I have fond memories of my mom making our Halloween costumes when we were little. I have especially fond memories of a Tinkerbell costume, complete with wings. Although Halloween has gotten more popular in the UK over the years, it remains a particularly American holiday, and the homemade costumes are a part of that.
So I was very keen to make my daughter’s first Halloween costume, even if she wouldn’t really appreciate (or possibly even like) it. I looked at all the typical Halloween costume patterns, and searched online for the store bought ones that I might be able to do myself. My sister-in-law shared an adorable photo of her first daughter’s first costume, where she dressed up as two peas in a pod. I thought about making her a ninja but then Ken pointed out that would really just mean dressing her in black and most people probably wouldn’t get it. Her suggested an animal theme, so I ran with that.
In the end, the inspiration came not from sewing, but knitting. A trawl through Ravelry threw up the Woodland Fox Baby pattern which was just too cute for words. And it was pretty practical, as the baby could lie down or sit up in the costume, and the hat could be reused. Who doesn’t love a baby in a hat with ears on it?
I found the perfect shade of wool in an aran weight, rather than the recommended bulky weight. So I just doubled the number of stitches in the pattern to get the correct gauge. Finding the right colour leggings was proving to be more difficult, however. After many trips to various baby shops and checking every site I could find online, I decided to sew something. Luckily, a high school friend had just sent me a couple of sewing patterns for babies. The overalls/dungarees in Simplicity 4054 seemed like a pretty straight forward project. I found velour of the perfect foxy shade at the local fabric store and set about making the outfit.
I’d never sewn with velour before and, given I was in a hurry, perhaps didn’t give it the care and attention required to do a good job. It was slippery and I found that the overlocker wasn’t catching enough fabric to make a solid seam. In the end, I sewed the seams on the machine with a stretch stitch, then overlocked the seam allowances to finish it. This last bit was probably unnecessary but at the time, I still though I might use these overalls after Halloween. I quickly decided against that, however, when I realised I would need to carefully apply snap tape along the inside legs, to allow for diaper changing. No thank you. The project became a one-off costume project immediately. So instead of adding buttons and buttonholes on the back, I sewed on snaps and was done with it.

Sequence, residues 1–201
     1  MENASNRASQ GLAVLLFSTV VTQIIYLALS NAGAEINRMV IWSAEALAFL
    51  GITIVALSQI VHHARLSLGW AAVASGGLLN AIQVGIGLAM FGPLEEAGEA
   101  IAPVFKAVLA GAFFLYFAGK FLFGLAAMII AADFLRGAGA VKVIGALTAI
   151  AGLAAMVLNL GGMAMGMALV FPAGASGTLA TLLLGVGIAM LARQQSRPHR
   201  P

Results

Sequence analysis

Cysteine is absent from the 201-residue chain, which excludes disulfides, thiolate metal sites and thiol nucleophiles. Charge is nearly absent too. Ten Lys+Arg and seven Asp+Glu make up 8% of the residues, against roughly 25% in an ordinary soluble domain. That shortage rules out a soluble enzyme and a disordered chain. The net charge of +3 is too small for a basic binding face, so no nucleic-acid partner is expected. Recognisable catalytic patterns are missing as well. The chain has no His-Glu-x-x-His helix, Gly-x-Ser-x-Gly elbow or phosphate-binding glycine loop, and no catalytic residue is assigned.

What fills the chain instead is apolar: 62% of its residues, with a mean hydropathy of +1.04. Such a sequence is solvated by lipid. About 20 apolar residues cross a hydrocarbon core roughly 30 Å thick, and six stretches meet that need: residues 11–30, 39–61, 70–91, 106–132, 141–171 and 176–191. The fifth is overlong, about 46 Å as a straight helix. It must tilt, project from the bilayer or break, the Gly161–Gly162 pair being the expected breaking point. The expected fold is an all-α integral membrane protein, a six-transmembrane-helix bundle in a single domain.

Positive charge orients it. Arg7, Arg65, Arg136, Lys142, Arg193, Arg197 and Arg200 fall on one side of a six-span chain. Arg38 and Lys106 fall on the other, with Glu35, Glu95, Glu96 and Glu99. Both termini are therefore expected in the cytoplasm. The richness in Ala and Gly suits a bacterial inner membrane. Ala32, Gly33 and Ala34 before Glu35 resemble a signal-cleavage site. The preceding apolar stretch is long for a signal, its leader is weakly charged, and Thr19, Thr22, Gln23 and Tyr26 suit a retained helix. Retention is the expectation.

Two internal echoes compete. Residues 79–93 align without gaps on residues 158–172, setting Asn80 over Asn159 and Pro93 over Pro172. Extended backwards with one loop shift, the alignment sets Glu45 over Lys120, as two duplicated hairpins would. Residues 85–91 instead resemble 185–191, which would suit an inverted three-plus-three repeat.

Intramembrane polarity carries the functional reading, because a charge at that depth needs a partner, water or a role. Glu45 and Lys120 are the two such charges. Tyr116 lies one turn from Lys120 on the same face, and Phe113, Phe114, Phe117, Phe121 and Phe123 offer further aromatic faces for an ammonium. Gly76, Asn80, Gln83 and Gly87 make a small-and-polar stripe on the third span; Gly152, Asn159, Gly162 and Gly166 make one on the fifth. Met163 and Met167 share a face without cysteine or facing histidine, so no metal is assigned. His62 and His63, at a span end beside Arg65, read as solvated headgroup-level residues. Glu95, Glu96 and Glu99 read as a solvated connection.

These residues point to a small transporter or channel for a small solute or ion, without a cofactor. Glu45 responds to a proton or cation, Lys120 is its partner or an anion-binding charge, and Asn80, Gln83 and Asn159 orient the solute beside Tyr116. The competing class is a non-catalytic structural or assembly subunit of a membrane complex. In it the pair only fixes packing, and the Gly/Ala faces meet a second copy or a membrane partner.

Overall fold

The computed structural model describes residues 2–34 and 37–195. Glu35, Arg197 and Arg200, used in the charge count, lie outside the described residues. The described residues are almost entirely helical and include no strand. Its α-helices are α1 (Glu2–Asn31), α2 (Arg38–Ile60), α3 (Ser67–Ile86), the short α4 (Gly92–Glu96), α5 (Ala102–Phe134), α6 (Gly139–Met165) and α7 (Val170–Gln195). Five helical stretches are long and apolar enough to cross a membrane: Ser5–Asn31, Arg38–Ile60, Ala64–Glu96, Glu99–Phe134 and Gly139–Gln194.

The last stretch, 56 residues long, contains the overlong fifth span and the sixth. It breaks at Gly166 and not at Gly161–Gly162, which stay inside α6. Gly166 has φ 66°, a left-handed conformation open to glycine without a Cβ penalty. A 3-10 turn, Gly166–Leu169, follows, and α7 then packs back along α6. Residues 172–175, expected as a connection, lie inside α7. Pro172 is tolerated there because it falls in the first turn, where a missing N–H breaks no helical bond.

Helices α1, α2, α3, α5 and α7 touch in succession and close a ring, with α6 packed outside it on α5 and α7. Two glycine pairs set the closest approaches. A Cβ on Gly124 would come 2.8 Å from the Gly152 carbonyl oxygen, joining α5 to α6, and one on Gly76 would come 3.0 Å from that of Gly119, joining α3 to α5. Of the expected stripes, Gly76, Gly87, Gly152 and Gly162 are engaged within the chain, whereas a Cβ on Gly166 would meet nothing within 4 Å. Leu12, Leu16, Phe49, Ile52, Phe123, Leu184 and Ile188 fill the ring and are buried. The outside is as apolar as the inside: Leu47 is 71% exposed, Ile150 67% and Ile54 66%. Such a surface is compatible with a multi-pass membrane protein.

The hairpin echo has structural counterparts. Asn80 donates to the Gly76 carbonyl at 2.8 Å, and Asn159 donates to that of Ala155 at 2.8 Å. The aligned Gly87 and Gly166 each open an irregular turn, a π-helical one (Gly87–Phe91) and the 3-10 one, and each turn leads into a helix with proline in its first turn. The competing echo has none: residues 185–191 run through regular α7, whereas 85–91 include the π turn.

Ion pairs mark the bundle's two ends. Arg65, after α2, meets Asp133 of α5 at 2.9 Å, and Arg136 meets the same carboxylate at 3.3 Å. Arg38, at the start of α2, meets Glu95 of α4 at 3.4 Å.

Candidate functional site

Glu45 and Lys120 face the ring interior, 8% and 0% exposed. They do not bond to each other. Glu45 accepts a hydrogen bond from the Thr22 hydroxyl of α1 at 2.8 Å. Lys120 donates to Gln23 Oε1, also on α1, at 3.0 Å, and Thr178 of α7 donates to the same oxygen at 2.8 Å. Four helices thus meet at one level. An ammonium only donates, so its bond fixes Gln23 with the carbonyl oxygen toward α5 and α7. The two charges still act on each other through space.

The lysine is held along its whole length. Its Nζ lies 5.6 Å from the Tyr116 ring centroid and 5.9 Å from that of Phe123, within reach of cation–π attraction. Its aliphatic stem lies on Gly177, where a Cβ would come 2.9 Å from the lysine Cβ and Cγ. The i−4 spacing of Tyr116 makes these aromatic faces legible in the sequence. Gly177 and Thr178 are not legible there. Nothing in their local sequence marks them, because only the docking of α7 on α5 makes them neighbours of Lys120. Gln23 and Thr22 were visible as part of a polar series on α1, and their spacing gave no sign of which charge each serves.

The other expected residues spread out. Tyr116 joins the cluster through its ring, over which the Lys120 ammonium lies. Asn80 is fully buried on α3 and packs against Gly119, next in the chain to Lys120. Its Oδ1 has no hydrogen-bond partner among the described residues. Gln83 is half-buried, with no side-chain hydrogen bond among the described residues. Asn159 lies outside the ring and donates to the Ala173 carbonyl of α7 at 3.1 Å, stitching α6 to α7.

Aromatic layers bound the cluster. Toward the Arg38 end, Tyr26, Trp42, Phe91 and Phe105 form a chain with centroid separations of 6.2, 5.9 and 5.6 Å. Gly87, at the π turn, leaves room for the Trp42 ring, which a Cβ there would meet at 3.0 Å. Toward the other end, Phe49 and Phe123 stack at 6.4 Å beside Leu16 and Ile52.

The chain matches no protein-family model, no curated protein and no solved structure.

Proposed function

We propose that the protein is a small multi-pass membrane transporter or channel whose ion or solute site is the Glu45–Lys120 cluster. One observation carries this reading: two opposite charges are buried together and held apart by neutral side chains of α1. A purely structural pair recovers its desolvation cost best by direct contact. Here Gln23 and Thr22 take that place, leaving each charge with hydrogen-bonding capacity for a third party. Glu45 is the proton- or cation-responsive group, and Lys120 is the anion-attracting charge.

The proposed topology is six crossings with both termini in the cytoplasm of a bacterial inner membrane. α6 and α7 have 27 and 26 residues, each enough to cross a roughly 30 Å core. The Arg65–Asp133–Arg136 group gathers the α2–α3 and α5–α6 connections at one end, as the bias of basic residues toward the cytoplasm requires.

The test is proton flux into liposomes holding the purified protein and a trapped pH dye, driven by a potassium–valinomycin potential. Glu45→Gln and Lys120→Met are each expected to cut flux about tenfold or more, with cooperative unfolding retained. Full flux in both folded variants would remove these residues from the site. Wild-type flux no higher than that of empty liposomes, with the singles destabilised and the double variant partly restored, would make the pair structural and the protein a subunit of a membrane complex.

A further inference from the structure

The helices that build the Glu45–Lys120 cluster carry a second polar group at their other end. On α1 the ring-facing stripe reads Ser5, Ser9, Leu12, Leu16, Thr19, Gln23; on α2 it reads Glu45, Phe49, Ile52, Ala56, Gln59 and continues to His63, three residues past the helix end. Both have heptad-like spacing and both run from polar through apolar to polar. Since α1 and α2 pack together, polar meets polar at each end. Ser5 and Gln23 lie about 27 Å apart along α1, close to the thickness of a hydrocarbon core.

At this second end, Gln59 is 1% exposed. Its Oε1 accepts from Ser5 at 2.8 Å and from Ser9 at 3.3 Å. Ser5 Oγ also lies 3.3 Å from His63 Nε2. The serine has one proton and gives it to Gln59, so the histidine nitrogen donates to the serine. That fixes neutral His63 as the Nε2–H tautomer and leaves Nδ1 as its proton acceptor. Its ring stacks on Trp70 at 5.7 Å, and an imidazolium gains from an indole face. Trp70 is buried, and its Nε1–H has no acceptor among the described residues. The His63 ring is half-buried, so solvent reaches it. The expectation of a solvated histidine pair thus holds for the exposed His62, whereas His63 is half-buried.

I’m glad I didn’t take the extra time with the snap tape. At the costume party for babies that we attended, we quickly discovered that the overalls rode up her body very quickly, due to the smooth wrong side of the fabric. This made it difficult to hold, carry or pick her up. And about halfway through the party, we took them off and she finished the rest of the party in her white sleepsuit. I guess at that point, she was dressed as a ghost!
On the plus side, the tail (which is pinned on to the costume, so you can easily remove or just move it as needed) has become a favourite toy of hers. And we still have the hat. And I’ve successfully continued the tradition of homemade Halloween costumes. Maybe next year she can be a ninja…